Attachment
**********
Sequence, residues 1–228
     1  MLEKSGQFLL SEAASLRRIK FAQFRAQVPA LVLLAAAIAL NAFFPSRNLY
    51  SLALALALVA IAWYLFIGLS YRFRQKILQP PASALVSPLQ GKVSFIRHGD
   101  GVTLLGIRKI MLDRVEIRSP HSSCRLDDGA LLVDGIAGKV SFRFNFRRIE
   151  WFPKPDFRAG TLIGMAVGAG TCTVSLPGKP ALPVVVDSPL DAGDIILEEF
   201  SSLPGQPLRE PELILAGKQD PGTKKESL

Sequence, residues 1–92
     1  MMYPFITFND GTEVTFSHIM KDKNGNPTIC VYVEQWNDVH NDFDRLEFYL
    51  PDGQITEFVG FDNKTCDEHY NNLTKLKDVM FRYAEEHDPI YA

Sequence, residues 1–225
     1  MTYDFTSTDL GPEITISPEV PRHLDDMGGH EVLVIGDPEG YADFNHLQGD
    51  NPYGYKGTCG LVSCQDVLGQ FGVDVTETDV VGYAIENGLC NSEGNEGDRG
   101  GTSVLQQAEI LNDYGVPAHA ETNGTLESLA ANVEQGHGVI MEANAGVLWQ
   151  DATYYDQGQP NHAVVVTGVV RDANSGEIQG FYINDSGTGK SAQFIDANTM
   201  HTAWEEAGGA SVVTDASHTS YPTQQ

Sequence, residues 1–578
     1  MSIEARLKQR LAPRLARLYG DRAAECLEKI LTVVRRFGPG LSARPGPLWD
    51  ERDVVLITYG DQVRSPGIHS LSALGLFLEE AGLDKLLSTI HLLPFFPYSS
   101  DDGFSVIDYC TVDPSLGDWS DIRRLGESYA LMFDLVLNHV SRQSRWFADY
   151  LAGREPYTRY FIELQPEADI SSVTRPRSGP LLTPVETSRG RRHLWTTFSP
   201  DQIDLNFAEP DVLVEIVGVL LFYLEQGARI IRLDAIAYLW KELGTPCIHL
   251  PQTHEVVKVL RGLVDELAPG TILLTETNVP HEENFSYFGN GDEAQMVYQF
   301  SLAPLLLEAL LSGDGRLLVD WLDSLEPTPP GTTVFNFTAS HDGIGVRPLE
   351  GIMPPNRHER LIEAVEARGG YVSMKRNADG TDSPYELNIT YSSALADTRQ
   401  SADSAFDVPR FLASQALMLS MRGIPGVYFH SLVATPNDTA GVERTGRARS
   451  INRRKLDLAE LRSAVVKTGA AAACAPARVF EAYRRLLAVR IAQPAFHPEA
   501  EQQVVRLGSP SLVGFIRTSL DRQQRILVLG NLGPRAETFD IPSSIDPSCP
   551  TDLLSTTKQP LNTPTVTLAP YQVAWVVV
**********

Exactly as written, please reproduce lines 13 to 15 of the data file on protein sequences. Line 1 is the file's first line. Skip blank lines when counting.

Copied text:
   101  GTSVLQQAEI LNDYGVPAHA ETNGTLESLA ANVEQGHGVI MEANAGVLWQ
   151  DATYYDQGQP NHAVVVTGVV RDANSGEIQG FYINDSGTGK SAQFIDANTM
   201  HTAWEEAGGA SVVTDASHTS YPTQQ